A window into the chaos of my millinery and the paths that I follow to make sense of developing a sustainable venture around hats.
The beautiful man
Thursday, 3 March 2011
Less than 24 hours after the Sue Lawty another talk at Leeds College of Art this time from the renowned and inspirational Rob Ryan. There is often a sense given out that Rob Ryan has become too commercial/sold out etc etc this is not the case and this rare talk that he gave in Leeds really clarified this and the length of his journey as an artist to a point where his art could sustain him and his family effectively. For his first 15 years after graduating he managed with the usual mix of jobs to support his arts practice, this was enlightening for all practitioners and hopefully gave a glimpse of reality after the completion of an MA!
Rob Ryan sees himself as a fine artist his MA(RCA) was fine art specialising in print making, so it was a natural progression from screen printing to cutting out. All the work begins with drawings and words are ever present within all areas of his work, images of his sketchbooks showed this constant dialogue of ideas and visuals. Whilst at University his tutors told him that the words in his work were not key; his thoughts on this were "I am not bothered its important to me so I will do it!" The concept of artists being pigeon holed into specific sectors was discussed often Mr Ryan is deemed a Graphic Designer this he felt was not the case and to him he i still a fine artist, so maybe we should all use that catch all title of Artist.
After the pieces are cut by hand usually by interns though this is a shared role, usually R.R. draws the pieces and then others cut them the work is then sprayed with Montana Gold spray paint. The works are time intensive with a piece 5.5ft long will take over 400 hours to make. The cuts are then either used as stand alone art pieces or through to screen prints and occasionally into laser cut cards and more commercial items. He has his work shop with screen print facilities and a small kiln around the corner form the Ryan Town hop on Columbia Road, he sees it as really exciting that the work created in the workshop during the week is then taken to the shop for sale at the weekend, that the quantities are small and you get the response from the customer. Very much inspired by Keith Haring in the 1980's where his work was created for all sectors of the market from fine art pieces to screen printed badges.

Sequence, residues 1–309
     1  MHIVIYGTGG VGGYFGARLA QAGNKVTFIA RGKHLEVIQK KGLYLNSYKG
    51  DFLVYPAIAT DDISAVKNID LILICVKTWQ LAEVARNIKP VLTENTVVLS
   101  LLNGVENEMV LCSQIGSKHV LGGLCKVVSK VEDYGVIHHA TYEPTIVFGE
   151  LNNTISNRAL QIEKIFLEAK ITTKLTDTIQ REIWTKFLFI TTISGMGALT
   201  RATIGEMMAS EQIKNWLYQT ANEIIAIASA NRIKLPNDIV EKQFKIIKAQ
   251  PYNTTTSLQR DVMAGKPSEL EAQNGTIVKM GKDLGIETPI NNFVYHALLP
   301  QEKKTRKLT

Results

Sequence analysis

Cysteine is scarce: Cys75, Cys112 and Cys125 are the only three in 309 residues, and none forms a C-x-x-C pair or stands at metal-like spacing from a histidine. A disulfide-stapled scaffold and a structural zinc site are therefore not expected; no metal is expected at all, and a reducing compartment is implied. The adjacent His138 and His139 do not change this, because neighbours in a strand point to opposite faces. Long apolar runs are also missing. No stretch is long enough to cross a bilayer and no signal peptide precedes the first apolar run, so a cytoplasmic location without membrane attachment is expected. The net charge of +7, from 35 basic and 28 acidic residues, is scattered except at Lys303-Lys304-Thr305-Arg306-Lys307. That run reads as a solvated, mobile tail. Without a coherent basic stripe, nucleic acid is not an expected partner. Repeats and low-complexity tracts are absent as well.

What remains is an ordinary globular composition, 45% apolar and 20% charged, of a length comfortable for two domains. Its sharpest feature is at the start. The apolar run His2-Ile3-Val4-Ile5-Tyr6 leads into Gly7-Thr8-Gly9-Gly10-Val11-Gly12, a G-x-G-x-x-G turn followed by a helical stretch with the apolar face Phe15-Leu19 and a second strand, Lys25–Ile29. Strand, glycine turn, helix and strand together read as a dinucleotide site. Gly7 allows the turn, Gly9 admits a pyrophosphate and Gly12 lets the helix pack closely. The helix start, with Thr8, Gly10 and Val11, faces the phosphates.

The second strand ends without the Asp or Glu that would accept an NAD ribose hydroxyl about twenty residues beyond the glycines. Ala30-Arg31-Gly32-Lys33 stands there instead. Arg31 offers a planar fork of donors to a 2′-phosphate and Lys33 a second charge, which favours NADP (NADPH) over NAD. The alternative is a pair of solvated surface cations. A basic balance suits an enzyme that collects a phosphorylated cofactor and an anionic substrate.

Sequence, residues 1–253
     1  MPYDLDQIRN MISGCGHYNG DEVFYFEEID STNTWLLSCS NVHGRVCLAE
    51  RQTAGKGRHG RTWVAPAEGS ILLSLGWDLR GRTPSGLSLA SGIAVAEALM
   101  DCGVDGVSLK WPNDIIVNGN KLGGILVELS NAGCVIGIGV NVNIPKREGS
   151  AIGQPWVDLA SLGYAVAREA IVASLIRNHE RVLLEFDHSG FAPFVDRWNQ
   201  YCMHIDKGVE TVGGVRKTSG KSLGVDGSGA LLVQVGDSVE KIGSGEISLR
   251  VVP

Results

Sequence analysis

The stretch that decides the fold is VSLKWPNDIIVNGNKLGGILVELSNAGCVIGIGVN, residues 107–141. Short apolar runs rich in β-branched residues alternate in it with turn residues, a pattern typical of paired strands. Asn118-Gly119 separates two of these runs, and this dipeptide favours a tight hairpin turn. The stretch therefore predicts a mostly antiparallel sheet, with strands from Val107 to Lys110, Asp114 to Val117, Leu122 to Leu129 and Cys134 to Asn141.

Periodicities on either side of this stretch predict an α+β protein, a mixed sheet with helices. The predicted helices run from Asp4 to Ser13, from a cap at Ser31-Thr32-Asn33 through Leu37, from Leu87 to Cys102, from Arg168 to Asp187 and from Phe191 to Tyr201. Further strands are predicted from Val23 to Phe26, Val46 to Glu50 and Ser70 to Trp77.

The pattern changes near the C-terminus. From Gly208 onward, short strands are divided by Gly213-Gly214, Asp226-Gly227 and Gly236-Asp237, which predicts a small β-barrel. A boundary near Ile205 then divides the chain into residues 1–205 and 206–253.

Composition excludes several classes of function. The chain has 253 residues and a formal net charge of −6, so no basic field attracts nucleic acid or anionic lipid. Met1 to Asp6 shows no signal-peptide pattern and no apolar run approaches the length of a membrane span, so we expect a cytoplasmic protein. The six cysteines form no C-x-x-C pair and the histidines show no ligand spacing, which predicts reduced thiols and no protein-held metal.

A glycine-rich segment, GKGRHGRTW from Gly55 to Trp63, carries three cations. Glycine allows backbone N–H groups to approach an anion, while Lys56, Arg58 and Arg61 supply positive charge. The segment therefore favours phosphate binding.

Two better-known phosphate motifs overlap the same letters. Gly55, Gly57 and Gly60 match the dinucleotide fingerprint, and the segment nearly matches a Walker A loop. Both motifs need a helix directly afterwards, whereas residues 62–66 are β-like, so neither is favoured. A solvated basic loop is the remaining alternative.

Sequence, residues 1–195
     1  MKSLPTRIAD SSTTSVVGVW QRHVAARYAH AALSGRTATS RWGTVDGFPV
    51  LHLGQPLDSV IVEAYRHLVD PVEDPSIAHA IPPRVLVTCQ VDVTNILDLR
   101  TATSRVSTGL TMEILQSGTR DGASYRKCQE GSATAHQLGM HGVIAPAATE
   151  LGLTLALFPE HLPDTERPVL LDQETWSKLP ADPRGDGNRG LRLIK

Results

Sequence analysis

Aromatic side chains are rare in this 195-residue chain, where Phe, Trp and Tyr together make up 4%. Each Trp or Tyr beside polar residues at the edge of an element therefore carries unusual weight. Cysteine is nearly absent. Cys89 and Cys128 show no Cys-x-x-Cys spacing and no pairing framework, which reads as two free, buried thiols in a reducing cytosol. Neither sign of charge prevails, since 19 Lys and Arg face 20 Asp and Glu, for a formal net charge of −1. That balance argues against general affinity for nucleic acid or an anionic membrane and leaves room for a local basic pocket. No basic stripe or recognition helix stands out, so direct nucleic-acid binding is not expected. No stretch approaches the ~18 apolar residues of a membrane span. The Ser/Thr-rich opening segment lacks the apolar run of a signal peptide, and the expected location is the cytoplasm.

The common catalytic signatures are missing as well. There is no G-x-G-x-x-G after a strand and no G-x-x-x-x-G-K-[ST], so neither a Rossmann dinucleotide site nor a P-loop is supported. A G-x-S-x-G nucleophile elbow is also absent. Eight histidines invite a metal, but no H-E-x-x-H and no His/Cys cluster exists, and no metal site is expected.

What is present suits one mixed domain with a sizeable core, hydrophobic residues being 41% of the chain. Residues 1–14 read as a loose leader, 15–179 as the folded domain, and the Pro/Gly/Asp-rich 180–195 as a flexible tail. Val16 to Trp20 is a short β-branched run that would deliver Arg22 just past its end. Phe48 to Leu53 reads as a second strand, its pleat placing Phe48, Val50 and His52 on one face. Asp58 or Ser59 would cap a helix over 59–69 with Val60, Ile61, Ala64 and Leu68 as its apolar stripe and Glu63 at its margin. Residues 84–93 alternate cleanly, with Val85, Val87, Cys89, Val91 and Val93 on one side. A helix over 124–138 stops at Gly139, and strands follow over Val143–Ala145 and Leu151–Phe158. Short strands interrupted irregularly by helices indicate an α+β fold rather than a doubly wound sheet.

Discussed the range of collaborations that he has undertaken and the feeling that you need to have a go at lots of different things to get ideas out to as many people as possible and to see what will work. R.R. has done much publishing work of book covers and illustration work -The Gift- Carol Ann Duffy, yet found publishing companies often difficult, he is working on his own book at the moment which enables him to write and draw his own work. He talked about a large collaboration with Paul Smith where he wasn't paid for his design and the design was used extensively on a wide range of products, this could have created bitterness, but R.R. saw this as a beneficial process as it enabled his work to be seen extensively and the beginning of future working relationship which has been beneficial for both parties.
Rob Ryan with bag designed with Lulu Guiness
"Give me work to last me all my life"
"Shall we call in sick one day and travel to the sea and hold hands all day"